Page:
There is a pinfold still be to be seen in Biggin, close to the village hall. It has in fact recently had its walls rebuilt. The pinfold was where stray sheep and cattle would be kept and only released upon payment of a fine.
There is a stone-aged barrow by the side of Liffs Road, close to Liffs Low, otherwise little of historical interest.
There used to be the Annual Wakes. On the Monday the school would close at lunchtime, and the schoolchildren would follow a band as it led the banner and members of the Loyal Order of Shepherds around the village. Before the advent of the Social Security system after the Second World War, people would join societies like the Ancient Shepherds, paying a few pence weekly into a fund and then in times of sickness they would receive a small sum of monies. There would also always be a fair during the Wakes, and a dance where tea and sandwiches were provided.
The local school was opened in 1849 and is still going strong, although there have been a few scares when numbers have dipped. There are now about 28 pupils from the age of 5 to 11.
View of Liffs Low from the Tissington Trail
| There is also a Hall, a really imposing one with fine exterior and
lovely wooden panelled interior, that a number of years ago became a
County House Hotel.
Here non-residents can visit for cream teas, lunches and absolutely amazingly
good value and high quality evening meals, when space permits.
Until recently Biggin most villagers were employed in agriculture, although a number work at the nearby brickworks and until recently others worked at the Hartington Creamery, famous for its Stilton Cheese. There are quite a number of dry stone wallers living in the village, including one who has been National Dry stone Walling Champion two years on the trot, who now, together with his son, who won the amateur National Drystone Walling championship, accepts commissions for work abroad, particularly in the United States.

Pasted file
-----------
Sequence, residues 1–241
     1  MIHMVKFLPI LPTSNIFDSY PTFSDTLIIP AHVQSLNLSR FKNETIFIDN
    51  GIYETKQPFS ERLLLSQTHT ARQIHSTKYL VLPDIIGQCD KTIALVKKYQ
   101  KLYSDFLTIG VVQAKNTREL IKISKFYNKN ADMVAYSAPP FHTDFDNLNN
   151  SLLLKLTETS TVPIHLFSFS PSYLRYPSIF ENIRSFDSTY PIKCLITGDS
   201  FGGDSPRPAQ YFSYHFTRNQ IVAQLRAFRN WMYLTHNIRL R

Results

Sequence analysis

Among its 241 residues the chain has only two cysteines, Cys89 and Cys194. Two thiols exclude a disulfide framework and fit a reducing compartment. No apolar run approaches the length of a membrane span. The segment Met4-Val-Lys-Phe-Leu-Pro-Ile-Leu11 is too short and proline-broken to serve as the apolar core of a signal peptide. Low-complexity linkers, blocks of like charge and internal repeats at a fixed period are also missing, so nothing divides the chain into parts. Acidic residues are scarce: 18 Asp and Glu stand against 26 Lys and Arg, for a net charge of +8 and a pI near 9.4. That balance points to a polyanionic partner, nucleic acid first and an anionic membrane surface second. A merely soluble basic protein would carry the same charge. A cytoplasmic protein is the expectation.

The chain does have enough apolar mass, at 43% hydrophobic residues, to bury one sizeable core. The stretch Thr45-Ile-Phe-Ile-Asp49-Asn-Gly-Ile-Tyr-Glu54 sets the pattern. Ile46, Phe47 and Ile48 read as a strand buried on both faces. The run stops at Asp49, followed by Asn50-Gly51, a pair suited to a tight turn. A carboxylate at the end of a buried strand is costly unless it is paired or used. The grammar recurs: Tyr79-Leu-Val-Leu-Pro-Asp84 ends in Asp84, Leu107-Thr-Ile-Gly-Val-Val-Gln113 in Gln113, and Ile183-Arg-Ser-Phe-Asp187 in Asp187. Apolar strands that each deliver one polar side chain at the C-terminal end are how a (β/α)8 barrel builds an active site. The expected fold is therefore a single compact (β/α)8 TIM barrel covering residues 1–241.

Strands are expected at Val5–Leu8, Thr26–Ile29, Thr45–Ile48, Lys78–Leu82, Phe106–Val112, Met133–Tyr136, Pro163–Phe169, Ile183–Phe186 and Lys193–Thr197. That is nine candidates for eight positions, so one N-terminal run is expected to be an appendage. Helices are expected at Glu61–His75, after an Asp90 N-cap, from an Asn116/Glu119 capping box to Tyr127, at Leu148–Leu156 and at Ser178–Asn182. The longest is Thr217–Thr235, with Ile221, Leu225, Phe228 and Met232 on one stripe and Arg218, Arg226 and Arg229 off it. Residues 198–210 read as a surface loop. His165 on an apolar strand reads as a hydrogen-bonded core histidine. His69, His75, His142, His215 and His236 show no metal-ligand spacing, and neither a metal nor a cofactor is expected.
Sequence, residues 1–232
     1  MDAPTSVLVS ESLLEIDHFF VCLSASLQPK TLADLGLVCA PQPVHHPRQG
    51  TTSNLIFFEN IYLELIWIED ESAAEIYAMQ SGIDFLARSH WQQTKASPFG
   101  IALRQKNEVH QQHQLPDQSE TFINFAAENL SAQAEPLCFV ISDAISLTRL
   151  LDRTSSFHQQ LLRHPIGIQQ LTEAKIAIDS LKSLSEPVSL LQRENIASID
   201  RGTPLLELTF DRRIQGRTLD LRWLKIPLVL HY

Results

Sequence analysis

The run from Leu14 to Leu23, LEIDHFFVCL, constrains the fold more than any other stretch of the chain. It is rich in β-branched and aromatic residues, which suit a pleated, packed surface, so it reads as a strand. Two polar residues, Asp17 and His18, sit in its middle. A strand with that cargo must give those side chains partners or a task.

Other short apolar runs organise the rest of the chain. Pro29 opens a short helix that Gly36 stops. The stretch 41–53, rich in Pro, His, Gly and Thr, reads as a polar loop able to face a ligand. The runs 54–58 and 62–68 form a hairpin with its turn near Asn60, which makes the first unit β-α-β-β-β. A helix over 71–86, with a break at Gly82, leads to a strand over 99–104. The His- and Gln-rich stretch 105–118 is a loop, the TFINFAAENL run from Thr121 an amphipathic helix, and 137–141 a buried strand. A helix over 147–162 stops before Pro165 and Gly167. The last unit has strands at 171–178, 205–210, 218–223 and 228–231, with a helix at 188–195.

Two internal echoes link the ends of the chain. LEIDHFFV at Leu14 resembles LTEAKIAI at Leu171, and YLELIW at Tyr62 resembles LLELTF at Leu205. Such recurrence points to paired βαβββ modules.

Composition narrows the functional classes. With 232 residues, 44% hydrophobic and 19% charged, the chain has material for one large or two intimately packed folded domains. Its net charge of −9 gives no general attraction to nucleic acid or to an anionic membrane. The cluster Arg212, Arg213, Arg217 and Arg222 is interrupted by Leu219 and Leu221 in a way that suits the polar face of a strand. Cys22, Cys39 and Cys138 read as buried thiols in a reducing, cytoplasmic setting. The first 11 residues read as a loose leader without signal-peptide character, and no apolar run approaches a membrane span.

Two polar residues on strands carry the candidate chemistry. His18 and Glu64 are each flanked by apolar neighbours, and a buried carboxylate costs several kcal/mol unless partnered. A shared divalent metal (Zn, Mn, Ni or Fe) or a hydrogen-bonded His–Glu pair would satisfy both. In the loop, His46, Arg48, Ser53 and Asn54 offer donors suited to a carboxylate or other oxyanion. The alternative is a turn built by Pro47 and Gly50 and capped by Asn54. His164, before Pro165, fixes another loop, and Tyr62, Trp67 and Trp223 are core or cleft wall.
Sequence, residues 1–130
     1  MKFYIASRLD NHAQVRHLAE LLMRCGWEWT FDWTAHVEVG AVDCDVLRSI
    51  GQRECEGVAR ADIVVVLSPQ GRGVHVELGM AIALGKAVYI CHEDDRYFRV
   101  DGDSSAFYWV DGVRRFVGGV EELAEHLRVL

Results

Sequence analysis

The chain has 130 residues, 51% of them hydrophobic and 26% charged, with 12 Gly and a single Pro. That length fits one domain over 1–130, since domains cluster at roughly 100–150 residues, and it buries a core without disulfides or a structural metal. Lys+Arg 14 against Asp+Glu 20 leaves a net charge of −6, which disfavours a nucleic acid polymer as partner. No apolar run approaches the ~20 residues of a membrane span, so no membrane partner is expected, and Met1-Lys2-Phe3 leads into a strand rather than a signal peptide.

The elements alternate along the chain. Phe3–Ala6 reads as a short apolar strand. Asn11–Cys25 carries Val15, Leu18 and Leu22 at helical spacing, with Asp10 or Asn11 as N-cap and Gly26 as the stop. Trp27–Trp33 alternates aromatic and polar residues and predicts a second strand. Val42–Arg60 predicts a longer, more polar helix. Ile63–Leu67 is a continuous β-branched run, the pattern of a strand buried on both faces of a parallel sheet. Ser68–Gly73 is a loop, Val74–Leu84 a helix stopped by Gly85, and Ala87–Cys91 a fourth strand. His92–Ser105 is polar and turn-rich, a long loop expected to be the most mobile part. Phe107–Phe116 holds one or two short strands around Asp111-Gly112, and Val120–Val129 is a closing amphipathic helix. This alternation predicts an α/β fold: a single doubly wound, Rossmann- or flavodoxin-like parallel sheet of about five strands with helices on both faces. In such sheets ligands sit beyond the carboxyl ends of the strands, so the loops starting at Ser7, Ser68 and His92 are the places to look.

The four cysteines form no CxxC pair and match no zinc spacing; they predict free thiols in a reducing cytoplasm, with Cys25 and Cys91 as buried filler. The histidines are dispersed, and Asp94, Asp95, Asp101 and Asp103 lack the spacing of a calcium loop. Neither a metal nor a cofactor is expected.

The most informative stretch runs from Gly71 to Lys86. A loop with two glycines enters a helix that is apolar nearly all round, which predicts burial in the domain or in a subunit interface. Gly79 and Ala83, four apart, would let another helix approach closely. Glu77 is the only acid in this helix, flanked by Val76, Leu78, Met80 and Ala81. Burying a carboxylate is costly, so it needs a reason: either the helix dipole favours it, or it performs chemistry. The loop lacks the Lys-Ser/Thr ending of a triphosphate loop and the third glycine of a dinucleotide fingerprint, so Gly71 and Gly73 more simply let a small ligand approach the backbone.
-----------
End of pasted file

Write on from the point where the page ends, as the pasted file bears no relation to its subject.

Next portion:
Biggin has so far not gone down the route of second homes and holiday cottages, with the majority of residents probably having been born in the village, otherwise the houses being occupied by local residents. There are substantially more families than in other villages, and this village can truly be described as a working village, as is reflected in the custom of the Waterloo Inn.
| There are some Nissan huts situated just on the lower side of the
Tissington Trail. These were erected as prison of war camps, either during or
immediately after the second world war. The presence of these prisoners does
not seem to have caused the village any undue concern, and indeed they proved
useful in the terrible winter of 1947, when they helped with the snow drifts
that were up to 10 feet high.
Finally one local character must be mentioned. This was Mrs Polly Webster who ran Pollies Café and General Store she was renowned far and wide with cyclists and walkers visiting her for substantial or smaller meals and tea. She would accept business often late in the night. Often customers would knock on her door late at nights, often well after midnight and still be served with a meal. The shop and café remained open until Polly was well in her 80s, and Polly celebrated her 90th birthday in style with a party in the village hall. She died in 2001 aged 93.
Biggin Church from near the entrance to Biggin Dale